Pussy Willow, Kilmarnock Willow (Salix caprea)
Willows range from small shrubs to large trees and are an important group providing nectar and pollen for bees. Depending on the variety and favourable weather, nectar and pollen can be available over a few weeks. The most common willow which grows along hedgerows, copses, railway embankments and woods is the Goat Willow. They are not fussy on soil conditions and are easy to grow with the most popular form being the Kilmarnock Willow (Salix caprea pendula) which can be found in garden centres at this time of year. Salix aegyptica is another variety which can flower as early as January and can provide a good source of forage if weather permits. In March pollen is essential for providing the bees with the protein to rear new young bees for the start of the season.
Willow can easily propagated with pencil thickness hardwood cuttings 8-10” long taken at the end of the year and planted close together in a slit trench to two thirds the depth of the stem. When rooted they can be lifted and planted where required.
Winter Heather (Erica carnea, Erica x darleyensis)
This is probably my favourite plant as it is reliably in flower from as early as late December to early May. Erica carnea and Erica x darleyensis will grow quite happily in alkaline or acid soils and on mild days bees readily visit the flowers mainly for nectar and some pollen. Flower colours vary from white to many shades of pink and red.
All heathers whether they are summer or winter flowering require some maintenance by cutting the old flower heads back to just below the bottom of the flowers around mid to late April. Following t
his procedure new fresh vigorous shoots will be produced and provide flowers of high quality the following season.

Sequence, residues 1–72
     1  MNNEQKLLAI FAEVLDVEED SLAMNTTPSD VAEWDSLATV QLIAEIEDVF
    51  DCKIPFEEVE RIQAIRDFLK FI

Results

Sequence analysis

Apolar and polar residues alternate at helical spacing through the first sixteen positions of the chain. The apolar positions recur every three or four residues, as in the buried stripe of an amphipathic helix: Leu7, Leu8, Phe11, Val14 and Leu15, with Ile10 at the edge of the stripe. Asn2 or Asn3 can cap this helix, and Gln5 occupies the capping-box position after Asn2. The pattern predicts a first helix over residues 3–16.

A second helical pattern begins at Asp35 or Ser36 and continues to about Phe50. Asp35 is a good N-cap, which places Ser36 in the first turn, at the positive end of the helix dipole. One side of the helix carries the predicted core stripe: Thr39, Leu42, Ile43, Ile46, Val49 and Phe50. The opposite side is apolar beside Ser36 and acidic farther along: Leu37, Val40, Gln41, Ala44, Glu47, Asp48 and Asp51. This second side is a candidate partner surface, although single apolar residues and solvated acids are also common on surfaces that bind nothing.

This keeps the plants compact and prevents them becoming straggly. Do not cut back into old wood as heathers will not regenerate.
Gorse (Ulex europaeus)
The common gorse is very thorny and not a plant some beekeepers would want to plant in the garden. Can be used for hedging, screens or as a single shrub in the border. Gorse tends to be in flower for most months of the year and is at its best around March/April where it is a good source of pollen for bees, helping colonies build up in spring. Gorse is drought resistant, grows in poor sandy soils and has the ability to fix nitrogen in the soil. It can be seen on many heathland areas where it can become invasive. If grown in rich soils it can become leggy and will need regular pruning to keep it compact.
It also provides protection, a good nesting habitat and safe haven for breeding small birds.
Other plants still providing some forage for bees if the January weather is favourable are, Mahonia, and some varieties of Viburnum.
Viburnum x bodnantense
Several related species of Viburnum are of value to bees for pollen on warm fine winter days. Frost resistant strong growing shrub with fragrant pink flowers appearing from late November to March.
Mahonia, Oregon Grape (Mahonia Aquifolium)
Mahonia is an evergreen shrub with holly like leaves that produces yellow racemes of fragrant flowers from November to March. Several species and varieties are available and in warm weather bees will work the flowers for nectar and pollen.
Large overgrown specimens can be cut back in early spring after flowering and will produce new growth that will flower the following autumn/winter.
Ivy (Hedera helix)
Ivy is an important source of nectar and pollen to honeybees at this time of year. Flowering late September to November and if warm enough flowers may still be found until late on in the year for bees to forage on. Pollen is consumed by workers in the autumn to enlarge the hypopharyngeal glands and fat bodies, allowing longer life of the winter bee.
Research has shown that honeybees going into winter with low levels of protein in their fat bodies have :
- Shorter lives.
- Are susceptible to Nosema and EFB.
- Don’t winter well and the colony is likely to suffer from spring dwindling as nurse bees require protein to produce brood food.
by Stuart Hatton